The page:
"Learn Navajo one word at a time"

Thumbnail preview of the Navajo Starter Kit Companion E-Book.

Learn Navajo

We made the Navajo Starter Kit to help you learn Navajo.

Learn more

hane' binaaltsoos


hun neh bin alt tsoh hs

Today’s a perfect day for the Navajo word for newspaper.

When you use hane’, you’re talking about either a tale, or story, or else the history of something. For example, you may come across Diné bahane’ which refers to the history, or story of the Navajo people.

And then you have naaltsoos, which is an umbrella term for paper and books. With the third person possessive enclitic (bí-), it become binaaltsoos which is essentially it’s paper.

Together you achieve a word that mirrors the description of a newspaper.

There is also a variant that uses aseezį́ – the Navajo word for gossip – in place of hane’. Nowadays, this would refer to a tabloid or periodicals of that nature.

On the Navajo Nation, the Navajo Times publishes its newspaper every Thursday. Before the Navajo Times was Ádahooníłígíí, which was explained in an earlier post as meaning “the area’s happenings/occurances/current events”.


to know someone or how

beh hus sin

Similar to yesterday’s word, bééhasin has to do with the knowledge of other people or a skill. In particular, it means ‘to know (either a person or how to do something)’.

This verb is conjugated, so the word alters depending on point-of-view. Here they are:

  • bééhasin (also: báhasin, or bééhonisin) (speaking about one’s self)
  • bééhonísin (speaking about the person you’re speaking to)
  • yééhósin (speaking about someone not in the conversation)
  • bééhoniilzin (about one’s self and another person)
  • bééhonohsin (about the person you’re speaking to and another)
  • yééhósin (about two people not in the conversation)
  • béédahoniilzin (about one’s self and two or more other people)
  • béédahonohsin (about the person you’re speaking to and two or more people)
  • yéédahósin (about a group of three or more people)

In the last three plural forms you’ll notice -da-. This is a pluralizing word particle that’s used for both verbs and nouns (dabilį́į́’, for example, means “those peoples’ horses”; da + bí + łį́į́’).

Richard Ben Shelly yééhósin. (Richard knows Ben Shelly.)


to know

beh hoze in

In Navajo bééhózin is a verb that means that something is known, or that knowledge about something exists.

Navajo verbs often change form based on point of view, but bééhózin doesn’t need to change. For example, shił bééhózin becomes nił bééhózin or bił bééhózin when the point of view changes from the first to either the second or third (ie. “I know” -> “you know” or “he/she/it knows”).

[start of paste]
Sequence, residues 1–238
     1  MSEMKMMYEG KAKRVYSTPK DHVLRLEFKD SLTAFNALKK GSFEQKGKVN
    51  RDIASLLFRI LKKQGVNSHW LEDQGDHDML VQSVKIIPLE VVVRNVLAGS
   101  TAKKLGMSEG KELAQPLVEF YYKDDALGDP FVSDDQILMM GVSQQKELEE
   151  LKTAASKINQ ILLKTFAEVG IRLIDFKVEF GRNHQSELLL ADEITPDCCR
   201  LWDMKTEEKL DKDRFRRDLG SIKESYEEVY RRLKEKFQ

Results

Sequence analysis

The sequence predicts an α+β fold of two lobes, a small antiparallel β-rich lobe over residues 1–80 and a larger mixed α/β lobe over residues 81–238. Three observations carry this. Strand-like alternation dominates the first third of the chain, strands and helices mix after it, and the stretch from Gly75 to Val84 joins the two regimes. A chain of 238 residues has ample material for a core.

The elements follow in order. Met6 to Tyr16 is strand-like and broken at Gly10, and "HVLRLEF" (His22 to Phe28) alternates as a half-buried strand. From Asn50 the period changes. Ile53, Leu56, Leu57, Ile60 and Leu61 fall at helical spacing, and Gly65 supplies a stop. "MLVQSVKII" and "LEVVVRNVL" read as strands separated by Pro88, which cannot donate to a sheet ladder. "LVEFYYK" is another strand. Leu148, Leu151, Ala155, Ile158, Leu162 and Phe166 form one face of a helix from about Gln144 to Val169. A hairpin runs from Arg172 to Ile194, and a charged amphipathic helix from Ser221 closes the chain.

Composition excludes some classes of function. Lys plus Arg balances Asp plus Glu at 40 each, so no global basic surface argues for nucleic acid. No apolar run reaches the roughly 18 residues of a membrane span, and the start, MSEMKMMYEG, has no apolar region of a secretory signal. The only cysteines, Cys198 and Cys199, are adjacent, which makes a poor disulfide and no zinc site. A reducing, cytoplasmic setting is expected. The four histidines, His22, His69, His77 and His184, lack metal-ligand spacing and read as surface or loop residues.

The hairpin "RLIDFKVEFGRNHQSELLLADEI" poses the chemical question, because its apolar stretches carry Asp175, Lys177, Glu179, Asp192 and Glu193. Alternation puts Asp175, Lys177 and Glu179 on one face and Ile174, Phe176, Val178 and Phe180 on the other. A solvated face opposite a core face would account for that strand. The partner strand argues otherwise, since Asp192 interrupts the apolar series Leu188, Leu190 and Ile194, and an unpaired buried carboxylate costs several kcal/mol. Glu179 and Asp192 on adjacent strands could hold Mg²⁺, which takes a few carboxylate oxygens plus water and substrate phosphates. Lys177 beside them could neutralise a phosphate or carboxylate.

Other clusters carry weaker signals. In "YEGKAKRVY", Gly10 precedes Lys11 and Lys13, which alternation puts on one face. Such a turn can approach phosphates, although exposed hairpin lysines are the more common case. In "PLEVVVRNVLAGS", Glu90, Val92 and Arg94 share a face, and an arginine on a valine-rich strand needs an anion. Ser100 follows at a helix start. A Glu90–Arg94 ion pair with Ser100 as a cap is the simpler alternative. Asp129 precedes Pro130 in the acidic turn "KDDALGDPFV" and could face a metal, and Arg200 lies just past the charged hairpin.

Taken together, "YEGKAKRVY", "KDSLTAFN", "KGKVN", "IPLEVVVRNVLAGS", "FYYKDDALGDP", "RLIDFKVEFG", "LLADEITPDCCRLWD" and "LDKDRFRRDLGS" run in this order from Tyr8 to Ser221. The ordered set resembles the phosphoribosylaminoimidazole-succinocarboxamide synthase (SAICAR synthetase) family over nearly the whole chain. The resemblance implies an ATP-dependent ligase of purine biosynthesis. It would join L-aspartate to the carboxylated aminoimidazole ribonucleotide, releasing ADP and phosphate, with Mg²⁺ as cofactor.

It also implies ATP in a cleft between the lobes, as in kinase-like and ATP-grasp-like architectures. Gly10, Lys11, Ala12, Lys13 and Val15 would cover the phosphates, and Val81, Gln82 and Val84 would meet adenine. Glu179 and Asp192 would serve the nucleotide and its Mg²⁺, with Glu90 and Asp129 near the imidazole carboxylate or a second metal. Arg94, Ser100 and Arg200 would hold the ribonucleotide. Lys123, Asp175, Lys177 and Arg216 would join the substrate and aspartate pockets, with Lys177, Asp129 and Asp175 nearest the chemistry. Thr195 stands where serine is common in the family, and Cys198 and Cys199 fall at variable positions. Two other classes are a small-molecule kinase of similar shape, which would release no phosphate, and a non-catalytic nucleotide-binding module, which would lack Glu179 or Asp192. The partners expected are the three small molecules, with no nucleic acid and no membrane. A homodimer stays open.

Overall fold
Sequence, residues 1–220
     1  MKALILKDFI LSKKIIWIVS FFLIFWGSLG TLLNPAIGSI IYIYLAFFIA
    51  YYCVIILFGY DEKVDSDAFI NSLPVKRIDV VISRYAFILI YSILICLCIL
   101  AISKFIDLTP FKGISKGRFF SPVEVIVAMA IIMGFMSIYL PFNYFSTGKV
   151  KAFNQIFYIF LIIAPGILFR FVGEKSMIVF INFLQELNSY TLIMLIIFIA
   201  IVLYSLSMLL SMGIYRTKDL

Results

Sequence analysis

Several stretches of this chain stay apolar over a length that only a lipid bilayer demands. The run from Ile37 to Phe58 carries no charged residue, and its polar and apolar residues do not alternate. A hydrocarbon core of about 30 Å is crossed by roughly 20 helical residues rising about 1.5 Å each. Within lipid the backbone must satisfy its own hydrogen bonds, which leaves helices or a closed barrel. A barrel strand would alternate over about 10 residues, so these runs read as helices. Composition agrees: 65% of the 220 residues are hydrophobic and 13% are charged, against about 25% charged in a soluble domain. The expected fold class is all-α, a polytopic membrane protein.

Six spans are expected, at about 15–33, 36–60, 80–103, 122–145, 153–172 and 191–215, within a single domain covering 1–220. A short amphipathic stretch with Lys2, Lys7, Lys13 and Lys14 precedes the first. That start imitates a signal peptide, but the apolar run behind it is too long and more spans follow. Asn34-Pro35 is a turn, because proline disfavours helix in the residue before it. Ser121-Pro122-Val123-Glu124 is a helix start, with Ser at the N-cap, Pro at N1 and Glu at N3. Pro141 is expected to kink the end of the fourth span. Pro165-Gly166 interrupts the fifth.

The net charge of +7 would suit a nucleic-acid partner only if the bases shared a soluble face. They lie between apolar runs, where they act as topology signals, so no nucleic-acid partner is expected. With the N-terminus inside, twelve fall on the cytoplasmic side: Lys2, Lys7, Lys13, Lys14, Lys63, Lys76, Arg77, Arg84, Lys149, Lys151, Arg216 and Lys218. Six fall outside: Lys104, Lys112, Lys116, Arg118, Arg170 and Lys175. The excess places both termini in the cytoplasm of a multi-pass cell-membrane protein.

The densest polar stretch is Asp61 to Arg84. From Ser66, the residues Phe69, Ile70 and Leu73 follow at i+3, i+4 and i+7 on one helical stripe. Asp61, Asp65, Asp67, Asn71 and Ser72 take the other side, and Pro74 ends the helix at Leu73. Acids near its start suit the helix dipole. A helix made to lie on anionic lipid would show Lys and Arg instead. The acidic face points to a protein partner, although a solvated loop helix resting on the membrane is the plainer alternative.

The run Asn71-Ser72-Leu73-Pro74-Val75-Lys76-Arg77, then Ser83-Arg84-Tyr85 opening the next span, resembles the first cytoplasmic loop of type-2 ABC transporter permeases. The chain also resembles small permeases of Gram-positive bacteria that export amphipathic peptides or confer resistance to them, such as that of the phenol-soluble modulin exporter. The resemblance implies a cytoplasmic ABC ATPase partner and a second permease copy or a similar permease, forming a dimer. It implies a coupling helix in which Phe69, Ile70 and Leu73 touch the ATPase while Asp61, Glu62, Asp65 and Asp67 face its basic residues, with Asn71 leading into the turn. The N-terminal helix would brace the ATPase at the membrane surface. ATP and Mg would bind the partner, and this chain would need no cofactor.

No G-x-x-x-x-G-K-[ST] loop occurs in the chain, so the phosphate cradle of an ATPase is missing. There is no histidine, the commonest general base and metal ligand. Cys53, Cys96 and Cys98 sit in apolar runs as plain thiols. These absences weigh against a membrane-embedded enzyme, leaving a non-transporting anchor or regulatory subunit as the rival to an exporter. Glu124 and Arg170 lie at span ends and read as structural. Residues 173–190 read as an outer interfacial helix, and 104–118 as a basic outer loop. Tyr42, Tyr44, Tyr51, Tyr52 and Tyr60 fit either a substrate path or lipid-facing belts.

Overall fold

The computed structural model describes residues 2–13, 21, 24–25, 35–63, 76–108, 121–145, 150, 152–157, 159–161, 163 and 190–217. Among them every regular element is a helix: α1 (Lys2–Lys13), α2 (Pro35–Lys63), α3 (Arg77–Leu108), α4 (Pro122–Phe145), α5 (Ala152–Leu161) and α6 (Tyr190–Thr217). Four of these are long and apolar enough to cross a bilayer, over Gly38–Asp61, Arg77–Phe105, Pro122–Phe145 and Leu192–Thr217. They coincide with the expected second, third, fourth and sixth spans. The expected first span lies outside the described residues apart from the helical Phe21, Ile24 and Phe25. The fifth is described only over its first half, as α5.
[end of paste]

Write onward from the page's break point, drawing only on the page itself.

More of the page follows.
You may want to express the opposite, or ‘…do not know’, in which case you negate using doo … da. “I do not know” is “Doo shił bééhózin da”, “You do not know” is “Doo nił bééhózin da”, and “He/she/it does not know” is “Doo bił bééhózin da”.

In general, this is a more respectful way of saying “I don’t know.” Another expression, hóla (hwólah, wólah), could mean “I don’t know and I don’t care”. It’s less formal and should be used when there is absolutely no confusion over connotation.

Ayóo anííníshní

I love you in Navajo

uh yoh uh knee nish nih

In Navajo, the word ayóó denotes the same as “a lot” in the English language. But it’s not so much about quantity as it is about magnitude. “Very” is a good word, too.

Ánííníshní refers more literally to someone’s regard for another. It’s nearly the equivalent of “I have a regard for you.” This verb needs context, and with this particular word, stands on its own.

Together, this phrase is understood to mean “I love you” or “I adore you.”

It conveys the understanding that the person doesn’t just have a regard for another, but a very high regard with much esteem.

Ayóó ánóshní is another commonly used phrase (some say it may be slang, others will say it’s perfectly unadapted).

Reposted because it’s Valentine’s Day!



nah ha-ee

Here is a Navajo word that reflects the passage of time. It means “year” in reference to the complete passage of one year.

Preceded by a number, such as naadiin ła’ (21), nááhai becomes “years” and, in this case, would mean “(for) 20 21 years”.

Shinááhai is a way to saying “my years” as in “I am 21 years old” (naadiin ła’ shinááhai – 21 [are] my years). Change this to ninááhai or binááhai and you have “your years” or “his/her/its years”, respectively.

“Díkwíí-shą’ ninááhai?” “What about you – how much are your years?”